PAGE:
Quarantine Life recipe of the day: pasta e fagioli

Since the Governor has ordered us all to stay at home, and the Council isn’t holding committee meetings, we all have too much time on our hands, and too much stress for our own health. So I thought I’d pitch in by publishing some of my favorite comfort-food recipes for you to try at home. I plan to post one a day for as long as I can keep it up; if you have suggestions for things you’d like to see, please send them my way. I’m aiming for recipes that don’t require fancy equipment or hard-to-get ingredients, because I believe everyone can and should be able to make comfort food at home. I’ll also add notes at the end of the recipe with suggestions for how to customize it to your own taste, some relevant cooking pro tips, and anything to particularly pay attention to while you’re making (or eating) it.

First up: pasta e fagioli.

Enjoy!

This pasta e fagioli recipe originates from a super-handy cookbook called Gentlemen, Start Your Ovens. But of course I’ve messed with it, because that’s what recipes are for.

I highly recommend doing all the food-prep up front: gathering and measuring the ingredients, chopping, etc. The cooking is fast and easy once you have everything ready to go.

 

Ingredients:

  • 2 tablespoons unsalted butter
  • 2 tablespoons olive oil
  • 1 onion (white or yellow), chopped
  • 1 large carrot, chopped
  • 1 large celery stalk, chopped
  • 2 garlic cloves, minced
  • 1 tsp salt
  • 1/4 tsp black pepper
  • 1 bay leaf
  • 4 cups chicken broth
  • 1 can (14.5 oz) diced tomatoes, with juice
  • 1 tablespoon ketchup
  • 1 can (15.5 oz) Great Northern beans, drained
  • ½ pound pasta;  If spaghetti or linguini, break into pieces 3-4 inches long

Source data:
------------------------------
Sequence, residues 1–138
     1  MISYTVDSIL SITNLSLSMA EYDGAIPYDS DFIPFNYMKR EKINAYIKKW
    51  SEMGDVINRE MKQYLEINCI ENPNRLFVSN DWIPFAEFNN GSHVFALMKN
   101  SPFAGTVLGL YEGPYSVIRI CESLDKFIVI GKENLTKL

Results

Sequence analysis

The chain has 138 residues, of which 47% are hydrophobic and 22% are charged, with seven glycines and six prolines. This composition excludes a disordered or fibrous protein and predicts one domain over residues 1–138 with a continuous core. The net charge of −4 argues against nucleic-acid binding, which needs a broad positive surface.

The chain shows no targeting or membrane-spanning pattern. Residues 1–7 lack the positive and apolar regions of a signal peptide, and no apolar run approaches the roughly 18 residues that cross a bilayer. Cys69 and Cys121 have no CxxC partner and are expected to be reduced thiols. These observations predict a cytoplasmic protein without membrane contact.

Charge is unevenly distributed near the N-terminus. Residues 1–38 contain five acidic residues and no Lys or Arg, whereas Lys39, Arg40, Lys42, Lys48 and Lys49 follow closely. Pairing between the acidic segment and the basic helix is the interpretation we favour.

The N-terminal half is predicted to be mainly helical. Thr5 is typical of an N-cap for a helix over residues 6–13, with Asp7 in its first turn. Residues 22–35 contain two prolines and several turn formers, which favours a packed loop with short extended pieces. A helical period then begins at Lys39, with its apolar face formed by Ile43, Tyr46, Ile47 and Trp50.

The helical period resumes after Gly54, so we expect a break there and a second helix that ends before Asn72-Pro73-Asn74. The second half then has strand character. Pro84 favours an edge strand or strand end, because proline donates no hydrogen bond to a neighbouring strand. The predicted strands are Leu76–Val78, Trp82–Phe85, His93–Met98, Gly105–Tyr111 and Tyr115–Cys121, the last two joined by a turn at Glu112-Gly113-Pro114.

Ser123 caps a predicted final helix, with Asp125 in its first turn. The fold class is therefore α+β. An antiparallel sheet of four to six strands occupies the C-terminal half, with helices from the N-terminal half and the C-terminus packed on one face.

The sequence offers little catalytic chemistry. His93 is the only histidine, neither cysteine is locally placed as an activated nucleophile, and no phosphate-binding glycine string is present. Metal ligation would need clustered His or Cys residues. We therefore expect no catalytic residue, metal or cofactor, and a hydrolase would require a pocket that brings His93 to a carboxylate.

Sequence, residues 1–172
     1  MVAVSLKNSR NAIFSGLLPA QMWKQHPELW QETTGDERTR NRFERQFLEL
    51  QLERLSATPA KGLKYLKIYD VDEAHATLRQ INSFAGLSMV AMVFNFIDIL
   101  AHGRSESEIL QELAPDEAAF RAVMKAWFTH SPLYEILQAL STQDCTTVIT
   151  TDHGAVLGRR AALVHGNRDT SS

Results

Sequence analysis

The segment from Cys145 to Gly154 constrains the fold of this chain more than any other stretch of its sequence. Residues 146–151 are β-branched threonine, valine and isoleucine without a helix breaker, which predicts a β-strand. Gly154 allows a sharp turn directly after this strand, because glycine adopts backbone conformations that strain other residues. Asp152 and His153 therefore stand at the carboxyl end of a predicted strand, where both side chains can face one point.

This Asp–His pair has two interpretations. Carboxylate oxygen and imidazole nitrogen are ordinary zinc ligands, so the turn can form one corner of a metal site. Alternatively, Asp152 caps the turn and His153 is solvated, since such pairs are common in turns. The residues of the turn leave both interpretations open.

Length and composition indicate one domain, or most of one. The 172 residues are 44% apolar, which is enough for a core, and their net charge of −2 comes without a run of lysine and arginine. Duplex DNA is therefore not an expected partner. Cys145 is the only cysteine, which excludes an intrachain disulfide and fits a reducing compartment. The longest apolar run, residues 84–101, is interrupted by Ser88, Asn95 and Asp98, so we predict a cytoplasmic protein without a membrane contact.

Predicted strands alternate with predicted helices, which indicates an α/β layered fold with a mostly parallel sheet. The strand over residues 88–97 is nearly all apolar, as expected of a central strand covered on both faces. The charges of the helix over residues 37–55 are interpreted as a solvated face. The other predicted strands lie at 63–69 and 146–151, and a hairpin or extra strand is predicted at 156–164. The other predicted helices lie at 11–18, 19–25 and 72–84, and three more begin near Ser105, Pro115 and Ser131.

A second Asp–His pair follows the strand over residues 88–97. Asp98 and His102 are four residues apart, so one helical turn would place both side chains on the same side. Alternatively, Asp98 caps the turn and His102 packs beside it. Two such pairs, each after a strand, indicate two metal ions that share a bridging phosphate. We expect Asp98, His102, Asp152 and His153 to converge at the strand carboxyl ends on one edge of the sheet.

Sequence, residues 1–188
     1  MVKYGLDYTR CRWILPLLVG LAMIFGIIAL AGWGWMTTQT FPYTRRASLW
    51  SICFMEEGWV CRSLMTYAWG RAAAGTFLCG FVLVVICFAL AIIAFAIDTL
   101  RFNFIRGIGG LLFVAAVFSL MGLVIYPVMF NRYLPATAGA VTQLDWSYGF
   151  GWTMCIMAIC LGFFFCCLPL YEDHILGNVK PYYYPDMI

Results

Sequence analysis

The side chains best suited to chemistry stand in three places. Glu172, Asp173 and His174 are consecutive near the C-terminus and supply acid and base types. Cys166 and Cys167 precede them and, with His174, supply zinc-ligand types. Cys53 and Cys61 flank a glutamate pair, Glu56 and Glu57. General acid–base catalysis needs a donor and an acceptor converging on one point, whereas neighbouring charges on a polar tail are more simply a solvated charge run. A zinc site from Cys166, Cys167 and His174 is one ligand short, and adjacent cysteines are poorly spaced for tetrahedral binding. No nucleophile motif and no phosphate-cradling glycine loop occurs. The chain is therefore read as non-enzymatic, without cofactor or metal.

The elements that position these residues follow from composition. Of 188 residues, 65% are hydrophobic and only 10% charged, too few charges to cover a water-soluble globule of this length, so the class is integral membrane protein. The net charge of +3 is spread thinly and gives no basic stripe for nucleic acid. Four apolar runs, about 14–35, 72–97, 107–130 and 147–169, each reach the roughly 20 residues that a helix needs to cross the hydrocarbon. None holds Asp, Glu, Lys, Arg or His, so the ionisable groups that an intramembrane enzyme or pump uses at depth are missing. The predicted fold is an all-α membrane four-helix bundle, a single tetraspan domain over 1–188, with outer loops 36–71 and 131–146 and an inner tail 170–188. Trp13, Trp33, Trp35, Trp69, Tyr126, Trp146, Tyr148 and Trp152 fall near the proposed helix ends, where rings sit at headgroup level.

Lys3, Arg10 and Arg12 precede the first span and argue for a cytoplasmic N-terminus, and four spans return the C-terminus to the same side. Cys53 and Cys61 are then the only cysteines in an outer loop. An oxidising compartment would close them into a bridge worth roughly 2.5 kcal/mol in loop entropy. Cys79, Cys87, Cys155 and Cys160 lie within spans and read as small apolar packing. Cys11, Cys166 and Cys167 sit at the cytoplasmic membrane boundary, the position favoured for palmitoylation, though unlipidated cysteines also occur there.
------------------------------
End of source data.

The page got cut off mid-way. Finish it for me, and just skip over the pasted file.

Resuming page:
• 1 bag (about 5 oz) baby spinach leaves

In a soup pot over medium-high heat, add the butter and olive oil. When the butter is melted, add the onion, carrot, celery, garlic, salt, and pepper; sauté until the vegetables are soft but not brown (about 3-5 minutes).

Add the chicken stock, tomatoes with juice, ketchup, bay leaf, and beans. Bring to a boil, then reduce the heat to medium-low and simmer for 15 minutes.

Add the pasta and simmer for 10 minutes more, or until pasta is tender.

Remove from heat. Remove the bay leaf. Adjust the seasonings to your taste. Add the spinach. As soon as it wilts, the soup is ready.


Notes and tips:

  • You can add pretty much any kind of pasta to this. If you’re using long pasta such as spaghetti or linguine, break it in half before you add it. My favorite with this is whole wheat penne; the soup will get just thick enough to stick well to the penne. Pay attention to the instructions on the package so you know how long you need to cook the pasta.
  • The spinach is added right at the end, after everything else is cooked and the stove is turned off. You are not trying to cook the spinach; just fold it into the soup, and it will wilt on its own (and substantially reduce in volume). You don’t have to add all the spinach at once; you can do it in batches.
  • This is a great recipe to experiment with; try adding different seasonings, either up-front when you’re cooking the vegetables, or right at the end to adjust things. Some spices to try: curry powder, oregano, tarragon, cumin. Start small and work your way up.
  • You can add chicken or sausage too! If you’re using pre-cooked sausage, add it when the pasta has about 5 minutes left to cook, so you’re heating it but not cooking it further. For the chicken, you could dice it up and add it when you add the pasta. Alternatively, you could pan-fry a chicken breast in 1 tablespoon of oil in the soup pot before you saute the vegetables (about 3-4 minutes per side on medium-high heat, enough to brown it but not cook it through), set it aside to cool, then dice it up and add it back in with the pasta. Browning the chicken breast in the pot first creates what chefs call a “fond,” a flavor base that will add extra richness to the dish — so don’t clean up the pot after you brown the chicken, just add the oil and butter and start cooking up those vegetables.
  • “Great Northern” is a type of white beans, not a brand. Sometimes they are just called “white beans,” but you will have no problem finding them in your grocery store.
  • I love this recipe because it’s almost all stuff I already have in my kitchen; as long as I keep a can of beans in my pantry, I can pretty much always throw this together in a pinch.

 

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